When a Van Beats a Pickup
The Ford Transit 150 proves why small commercial vans beat pickup trucks in cargo-hauling practicality.
As a utilitarian tool, the 2021 Great American Pickup truck has some fundamental flaws. Its open bed jeopardizes any cargo that’s valuable (exposing your payload to the world) or not waterproof. Worse, however, is the pickup’s steadily escalating tailgate-to-ground height. This, of course, is a result of side-impact standards and the market’s preference for 4-wheel drive.
Rolling or lifting large and heavy items up onto the tailgate and into even a 2wd pickup bed has become a daunting task requiring two or three people. Their tailgate-to-ground dimensions have risen to impractical heights. In the case of Ford, a Ranger XLT’s gate is 33.2 inches (843 mm) above pavement. The new F-150’s gate towers 33.9 inches (861 mm) above. That’s why when you need to transport, as I did recently, an apartment’s worth of couches, beds and refrigerators, and a 350-pound (159-kg) vintage motorcycle, a Ford Transit Cargo van beats an open-bed vehicle every time.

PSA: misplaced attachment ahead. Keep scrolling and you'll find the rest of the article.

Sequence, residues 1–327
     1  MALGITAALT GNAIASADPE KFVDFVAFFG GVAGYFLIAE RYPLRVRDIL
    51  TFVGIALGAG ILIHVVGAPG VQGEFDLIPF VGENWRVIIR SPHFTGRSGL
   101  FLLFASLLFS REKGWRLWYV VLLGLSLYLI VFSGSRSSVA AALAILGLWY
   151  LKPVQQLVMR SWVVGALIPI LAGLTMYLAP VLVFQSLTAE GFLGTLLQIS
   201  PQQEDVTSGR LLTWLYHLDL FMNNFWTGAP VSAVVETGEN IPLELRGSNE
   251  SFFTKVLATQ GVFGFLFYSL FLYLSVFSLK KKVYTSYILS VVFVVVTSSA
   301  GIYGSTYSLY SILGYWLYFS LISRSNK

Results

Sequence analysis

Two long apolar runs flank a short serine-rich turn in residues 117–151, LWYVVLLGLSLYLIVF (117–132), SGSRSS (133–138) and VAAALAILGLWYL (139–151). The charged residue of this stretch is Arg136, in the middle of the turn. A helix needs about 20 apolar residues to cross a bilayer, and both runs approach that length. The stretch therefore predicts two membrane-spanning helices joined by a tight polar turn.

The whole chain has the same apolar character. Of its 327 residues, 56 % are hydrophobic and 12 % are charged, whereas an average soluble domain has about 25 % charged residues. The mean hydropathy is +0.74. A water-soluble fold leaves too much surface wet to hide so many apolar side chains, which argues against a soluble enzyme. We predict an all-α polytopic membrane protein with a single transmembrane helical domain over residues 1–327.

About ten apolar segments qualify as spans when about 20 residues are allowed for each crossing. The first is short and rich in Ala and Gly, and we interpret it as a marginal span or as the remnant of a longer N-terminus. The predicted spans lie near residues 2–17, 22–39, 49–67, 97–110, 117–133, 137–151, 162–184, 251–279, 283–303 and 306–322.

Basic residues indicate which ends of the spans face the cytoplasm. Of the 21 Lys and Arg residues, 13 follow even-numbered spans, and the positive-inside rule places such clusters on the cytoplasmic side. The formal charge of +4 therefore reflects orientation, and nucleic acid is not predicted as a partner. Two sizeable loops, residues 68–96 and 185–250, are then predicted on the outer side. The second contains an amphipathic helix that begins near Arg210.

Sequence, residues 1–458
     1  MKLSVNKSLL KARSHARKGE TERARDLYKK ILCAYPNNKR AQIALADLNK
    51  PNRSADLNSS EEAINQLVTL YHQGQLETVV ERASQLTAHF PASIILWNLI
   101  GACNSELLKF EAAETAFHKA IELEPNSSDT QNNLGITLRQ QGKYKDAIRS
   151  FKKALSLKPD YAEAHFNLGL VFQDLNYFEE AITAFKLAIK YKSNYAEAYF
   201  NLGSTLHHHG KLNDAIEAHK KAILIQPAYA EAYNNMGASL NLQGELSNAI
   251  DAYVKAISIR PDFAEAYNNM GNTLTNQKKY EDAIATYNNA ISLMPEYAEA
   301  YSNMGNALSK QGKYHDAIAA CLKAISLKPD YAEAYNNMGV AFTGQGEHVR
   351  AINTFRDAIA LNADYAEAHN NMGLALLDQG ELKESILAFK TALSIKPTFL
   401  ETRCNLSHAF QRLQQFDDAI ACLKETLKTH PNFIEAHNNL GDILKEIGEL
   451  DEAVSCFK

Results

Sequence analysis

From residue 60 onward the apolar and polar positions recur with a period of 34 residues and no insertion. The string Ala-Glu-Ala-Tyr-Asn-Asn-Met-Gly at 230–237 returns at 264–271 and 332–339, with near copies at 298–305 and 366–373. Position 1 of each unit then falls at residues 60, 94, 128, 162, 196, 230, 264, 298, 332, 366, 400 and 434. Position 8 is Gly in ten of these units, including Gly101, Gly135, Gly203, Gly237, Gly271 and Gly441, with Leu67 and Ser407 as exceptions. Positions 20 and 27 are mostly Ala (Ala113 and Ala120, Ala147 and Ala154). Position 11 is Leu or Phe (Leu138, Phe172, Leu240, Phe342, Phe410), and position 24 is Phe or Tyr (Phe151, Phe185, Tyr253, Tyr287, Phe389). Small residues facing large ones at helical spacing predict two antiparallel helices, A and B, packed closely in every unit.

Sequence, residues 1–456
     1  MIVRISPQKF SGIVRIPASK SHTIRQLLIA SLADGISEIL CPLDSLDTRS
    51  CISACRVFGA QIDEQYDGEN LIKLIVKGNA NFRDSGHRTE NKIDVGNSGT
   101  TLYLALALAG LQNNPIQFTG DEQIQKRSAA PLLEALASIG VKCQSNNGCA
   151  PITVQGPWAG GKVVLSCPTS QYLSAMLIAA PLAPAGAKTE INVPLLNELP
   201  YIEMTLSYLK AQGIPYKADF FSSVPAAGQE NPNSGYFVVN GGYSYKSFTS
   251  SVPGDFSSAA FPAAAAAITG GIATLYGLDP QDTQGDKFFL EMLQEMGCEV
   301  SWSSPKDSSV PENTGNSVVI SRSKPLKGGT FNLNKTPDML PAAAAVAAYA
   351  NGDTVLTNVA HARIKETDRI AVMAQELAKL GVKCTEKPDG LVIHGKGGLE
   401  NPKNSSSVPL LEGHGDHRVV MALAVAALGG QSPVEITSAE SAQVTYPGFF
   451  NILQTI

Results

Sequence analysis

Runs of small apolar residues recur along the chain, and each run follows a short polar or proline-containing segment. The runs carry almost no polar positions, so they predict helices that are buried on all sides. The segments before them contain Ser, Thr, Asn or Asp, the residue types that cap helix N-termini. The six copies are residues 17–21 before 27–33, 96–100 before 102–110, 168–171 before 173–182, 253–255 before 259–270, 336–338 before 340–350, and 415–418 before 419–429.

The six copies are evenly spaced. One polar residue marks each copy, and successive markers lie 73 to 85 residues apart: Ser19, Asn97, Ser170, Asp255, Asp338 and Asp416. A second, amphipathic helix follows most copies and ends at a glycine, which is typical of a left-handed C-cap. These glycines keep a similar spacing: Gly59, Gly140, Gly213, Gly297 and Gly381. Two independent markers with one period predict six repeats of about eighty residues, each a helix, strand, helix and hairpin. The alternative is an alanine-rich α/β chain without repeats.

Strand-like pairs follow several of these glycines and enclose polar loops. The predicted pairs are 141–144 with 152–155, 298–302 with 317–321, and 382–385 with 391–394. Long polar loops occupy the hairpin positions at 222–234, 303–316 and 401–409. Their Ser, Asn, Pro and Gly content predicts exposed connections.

The short-wheelbase Transit 150 LR that faultlessly served me offered a mercifully low, 28.9-in. (734 mm) load-floor height. This made rolling the bike inside a one-person job. Past-generation pickups used to be this easy! Handy D-rings behind the Transit’s seats enabled a rapid tie-down. The Transit also gobbled the home furnishings and appliances far easier than a pickup could, thanks to its large, sliding side door.
Ford’s 3.5-L gas V6, 10-speed automatic and 3.73 drive axle delivered ample grunt (SAE-rated 262 lb-ft) and 19.2-mpg efficiency for my long-distance haulage. Yes, the box is a bit boomy on the highway. But my back and my secure, dry cargo compensated nicely.